The NDIS Protocol is the highest driver in the NDIS hierarchy of drivers. At it upper edge, it exports ProtocolXxx functions to the lower edge of the transport protocol stack (such as a TCP/IP stack). At its lower edge, it interfaces with NDIS Intermediate drivers and NDIS miniport drivers.

Protocol drivers always use NDIS-provided functions to communicate with underlying NDIS drivers to send and receive packets. The NDIS wrapper also calls the ProtocolXxx functions for its own purposes or on behalf of lower-level drivers to indicate up received packets, indicate the status of lower-level drivers …
NDIS protocols driver are often used to inject or capture packets on the network.

NDIS Miniport Driver

A miniport driver is a driver that connects hardware devices to higher-level drivers (protocol drivers, Intermediate drivers and filter drivers) and implements sending and receiving data on the network adapter. The most common miniport drivers are:

    • Connectionless miniport drivers
    • Connection-oriented miniport drivers
    • NDISWAN miniport drivers
    • Non-NDIS Lower Interface miniport drivers

Connectionless miniport drivers control NICs for connectionless network media, such as Ethernet, FDDI, and Token Ring. Connectionless miniport drivers can be serialized or deserialized. Serialized drivers rely on NDIS to sequence calls to miniport functions and to manage send queues. Deserialized miniport drivers internally queue all incoming send packets rather than using NDIS. This can result in a better full duplex performance.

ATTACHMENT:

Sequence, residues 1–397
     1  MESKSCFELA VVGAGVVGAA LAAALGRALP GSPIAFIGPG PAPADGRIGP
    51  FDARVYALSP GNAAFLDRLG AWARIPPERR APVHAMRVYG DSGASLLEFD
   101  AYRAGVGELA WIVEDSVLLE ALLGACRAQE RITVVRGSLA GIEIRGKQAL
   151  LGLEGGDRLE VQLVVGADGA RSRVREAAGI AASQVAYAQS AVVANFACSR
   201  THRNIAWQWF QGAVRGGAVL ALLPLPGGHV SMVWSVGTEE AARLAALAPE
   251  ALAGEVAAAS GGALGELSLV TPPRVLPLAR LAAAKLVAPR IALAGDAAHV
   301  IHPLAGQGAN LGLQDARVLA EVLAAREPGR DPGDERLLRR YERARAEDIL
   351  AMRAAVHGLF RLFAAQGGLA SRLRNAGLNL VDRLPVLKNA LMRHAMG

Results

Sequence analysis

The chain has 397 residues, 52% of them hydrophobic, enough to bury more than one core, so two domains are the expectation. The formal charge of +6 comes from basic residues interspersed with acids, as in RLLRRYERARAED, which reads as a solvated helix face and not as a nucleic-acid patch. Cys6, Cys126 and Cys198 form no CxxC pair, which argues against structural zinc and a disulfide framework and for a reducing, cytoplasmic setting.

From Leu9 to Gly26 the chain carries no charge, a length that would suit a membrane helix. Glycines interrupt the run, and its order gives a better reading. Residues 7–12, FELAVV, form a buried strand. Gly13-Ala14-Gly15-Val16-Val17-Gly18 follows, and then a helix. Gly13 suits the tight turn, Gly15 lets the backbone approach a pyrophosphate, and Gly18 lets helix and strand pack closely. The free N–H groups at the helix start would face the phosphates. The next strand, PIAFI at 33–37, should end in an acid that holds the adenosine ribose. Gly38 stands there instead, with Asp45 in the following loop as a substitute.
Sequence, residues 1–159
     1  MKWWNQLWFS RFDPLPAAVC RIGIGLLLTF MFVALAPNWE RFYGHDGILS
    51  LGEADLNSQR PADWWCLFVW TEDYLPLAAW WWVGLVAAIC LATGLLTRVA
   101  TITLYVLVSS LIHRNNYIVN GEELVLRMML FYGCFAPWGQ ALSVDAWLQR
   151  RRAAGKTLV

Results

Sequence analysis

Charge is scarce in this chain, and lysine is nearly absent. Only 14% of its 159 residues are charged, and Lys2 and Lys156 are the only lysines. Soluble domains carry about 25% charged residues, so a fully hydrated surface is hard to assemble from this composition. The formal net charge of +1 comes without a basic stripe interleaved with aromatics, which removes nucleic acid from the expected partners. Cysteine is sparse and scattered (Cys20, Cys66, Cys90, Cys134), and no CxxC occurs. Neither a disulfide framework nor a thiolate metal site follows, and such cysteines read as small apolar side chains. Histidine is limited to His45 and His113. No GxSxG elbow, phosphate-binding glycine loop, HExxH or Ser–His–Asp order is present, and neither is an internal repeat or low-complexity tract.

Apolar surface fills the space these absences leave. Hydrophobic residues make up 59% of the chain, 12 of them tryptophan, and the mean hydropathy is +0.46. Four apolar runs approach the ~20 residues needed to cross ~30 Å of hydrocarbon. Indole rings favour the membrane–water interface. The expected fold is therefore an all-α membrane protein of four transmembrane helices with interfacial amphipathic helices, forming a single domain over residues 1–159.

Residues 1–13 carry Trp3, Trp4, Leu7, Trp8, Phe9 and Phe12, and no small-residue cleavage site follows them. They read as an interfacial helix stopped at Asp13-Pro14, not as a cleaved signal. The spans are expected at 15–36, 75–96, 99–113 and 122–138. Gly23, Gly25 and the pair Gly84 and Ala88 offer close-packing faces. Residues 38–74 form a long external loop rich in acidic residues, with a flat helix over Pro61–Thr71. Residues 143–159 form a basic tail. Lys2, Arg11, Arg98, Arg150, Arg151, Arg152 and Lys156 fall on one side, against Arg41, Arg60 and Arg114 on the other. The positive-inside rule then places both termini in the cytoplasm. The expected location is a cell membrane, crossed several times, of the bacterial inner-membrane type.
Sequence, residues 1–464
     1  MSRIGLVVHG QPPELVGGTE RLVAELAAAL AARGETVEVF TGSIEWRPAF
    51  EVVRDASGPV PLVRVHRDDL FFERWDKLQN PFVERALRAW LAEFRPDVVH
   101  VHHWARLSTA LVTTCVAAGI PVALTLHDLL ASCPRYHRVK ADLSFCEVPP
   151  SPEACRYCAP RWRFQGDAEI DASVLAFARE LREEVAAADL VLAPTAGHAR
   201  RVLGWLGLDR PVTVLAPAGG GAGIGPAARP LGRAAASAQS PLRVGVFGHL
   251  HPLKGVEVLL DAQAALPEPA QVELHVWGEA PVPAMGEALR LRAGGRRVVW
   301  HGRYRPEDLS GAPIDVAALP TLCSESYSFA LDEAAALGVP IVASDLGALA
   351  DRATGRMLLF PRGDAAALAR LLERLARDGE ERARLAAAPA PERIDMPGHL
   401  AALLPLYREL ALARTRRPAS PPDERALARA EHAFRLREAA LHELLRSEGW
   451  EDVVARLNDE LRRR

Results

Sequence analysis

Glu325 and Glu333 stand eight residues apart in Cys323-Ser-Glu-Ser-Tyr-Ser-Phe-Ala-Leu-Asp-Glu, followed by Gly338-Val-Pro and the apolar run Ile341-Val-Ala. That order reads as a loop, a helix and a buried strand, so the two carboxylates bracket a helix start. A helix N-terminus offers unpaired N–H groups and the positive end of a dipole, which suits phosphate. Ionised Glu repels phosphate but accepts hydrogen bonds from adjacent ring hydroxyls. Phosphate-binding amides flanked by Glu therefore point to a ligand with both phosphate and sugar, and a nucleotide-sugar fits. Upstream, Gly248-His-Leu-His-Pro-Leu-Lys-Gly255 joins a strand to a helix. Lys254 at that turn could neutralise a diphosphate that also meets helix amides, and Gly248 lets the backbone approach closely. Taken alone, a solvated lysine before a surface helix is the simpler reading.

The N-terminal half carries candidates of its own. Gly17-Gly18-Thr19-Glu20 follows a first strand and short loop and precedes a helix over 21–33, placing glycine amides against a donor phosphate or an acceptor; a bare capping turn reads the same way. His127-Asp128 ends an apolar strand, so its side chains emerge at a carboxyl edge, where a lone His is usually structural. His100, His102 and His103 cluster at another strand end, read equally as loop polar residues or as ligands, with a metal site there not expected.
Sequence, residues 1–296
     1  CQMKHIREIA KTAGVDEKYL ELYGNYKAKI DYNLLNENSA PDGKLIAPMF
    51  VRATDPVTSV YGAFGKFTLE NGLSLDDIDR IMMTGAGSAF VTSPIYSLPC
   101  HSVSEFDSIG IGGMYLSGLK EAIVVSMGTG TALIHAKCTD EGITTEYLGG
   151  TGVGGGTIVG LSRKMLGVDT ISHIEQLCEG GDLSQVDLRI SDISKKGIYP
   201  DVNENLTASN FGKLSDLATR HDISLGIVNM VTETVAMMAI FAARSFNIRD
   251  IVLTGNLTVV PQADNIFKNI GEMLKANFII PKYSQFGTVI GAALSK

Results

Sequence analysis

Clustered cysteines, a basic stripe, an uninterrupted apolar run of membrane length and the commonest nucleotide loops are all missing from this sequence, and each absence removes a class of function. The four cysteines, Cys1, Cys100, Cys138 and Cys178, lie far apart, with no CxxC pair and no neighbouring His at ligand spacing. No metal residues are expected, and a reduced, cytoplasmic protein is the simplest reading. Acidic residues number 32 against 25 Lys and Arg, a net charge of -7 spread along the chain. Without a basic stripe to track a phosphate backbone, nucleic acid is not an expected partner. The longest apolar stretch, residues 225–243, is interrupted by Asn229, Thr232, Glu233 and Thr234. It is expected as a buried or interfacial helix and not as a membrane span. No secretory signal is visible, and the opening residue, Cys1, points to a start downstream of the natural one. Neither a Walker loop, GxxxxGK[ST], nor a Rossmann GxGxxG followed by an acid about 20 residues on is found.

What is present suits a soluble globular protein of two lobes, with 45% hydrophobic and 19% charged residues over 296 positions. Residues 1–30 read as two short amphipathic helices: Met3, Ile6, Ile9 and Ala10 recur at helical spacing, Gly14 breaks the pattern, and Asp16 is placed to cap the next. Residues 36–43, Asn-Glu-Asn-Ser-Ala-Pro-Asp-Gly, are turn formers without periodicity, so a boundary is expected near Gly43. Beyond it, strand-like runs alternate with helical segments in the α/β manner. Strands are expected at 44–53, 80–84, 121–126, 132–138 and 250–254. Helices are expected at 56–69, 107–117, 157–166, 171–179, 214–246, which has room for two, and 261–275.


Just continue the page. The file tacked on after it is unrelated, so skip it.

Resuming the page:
Connection-oriented miniport drivers control NICs for connection-oriented network media, such as ISDN. Connection-oriented miniport drivers are always deserialized and a connection must be established between two points before data can be exchanged.

NDISWAN miniport contains the necessary code to operate the dial-up equipment. They are used with ISDN, Frame Relay and X.25.

A Non-NDIS lower interface driver is a connection-oriented miniport driver that exposes a standard NDIS miniport driver interface on the top, but on the bottom can interface to devices, such as USB, IEEE 1394, and serial devices by sending I/O request packets (IRPs).

NDIS Virtual Miniport Driver

A virtual miniport driver is a miniport driver that does not interact directly with any physical network adapter. A virtual miniport driver adds a virtual adapter that shows up in the network connections and ipconfig result.

NDIS virtual miniport drivers are used in several VPN clients and virtualization softwares.

NDIS Intermediate Driver

An NDIS intermediate driver, also called NDIS IM driver, looks like a protocol driver to an underlying miniport driver and looks like a miniport driver to an overlying protocol driver. An intermediate driver is inserted just above miniport drivers and just below transport protocols in the overall networking protocol stack allowing incoming and outgoing packets filtering, inspection or modification. There are two types of NDIS intermediate driver: the LAN emulation intermediate driver and the Filter driver.

The LAN emulation intermediate driver translates packets from the overlying connectionless transport’s LAN format to the connection-oriented format (such as ATM) allow them to be sent over a separate and a different medium.

Filter drivers perform special operations (such as compression, encryption and tracing) on packets being transported through them. Various services utilize this type driver, such as the packet scheduler in Quality of Service (QoS) and Network Load Balancing.

NDIS Lightweight Filter Driver

NDIS Lightweight Filter drivers (LWF drivers) are introduced in NDIS 6.0 to replace NDIS intermediate drivers. They are typically layered between miniport adapters and protocol bindings and offer the same packets filtering, inspection or modification capabilities. NDIS Lightweight Filter drivers always use NDIS-provided functions, are easier to implement and are designed to improve overall performances.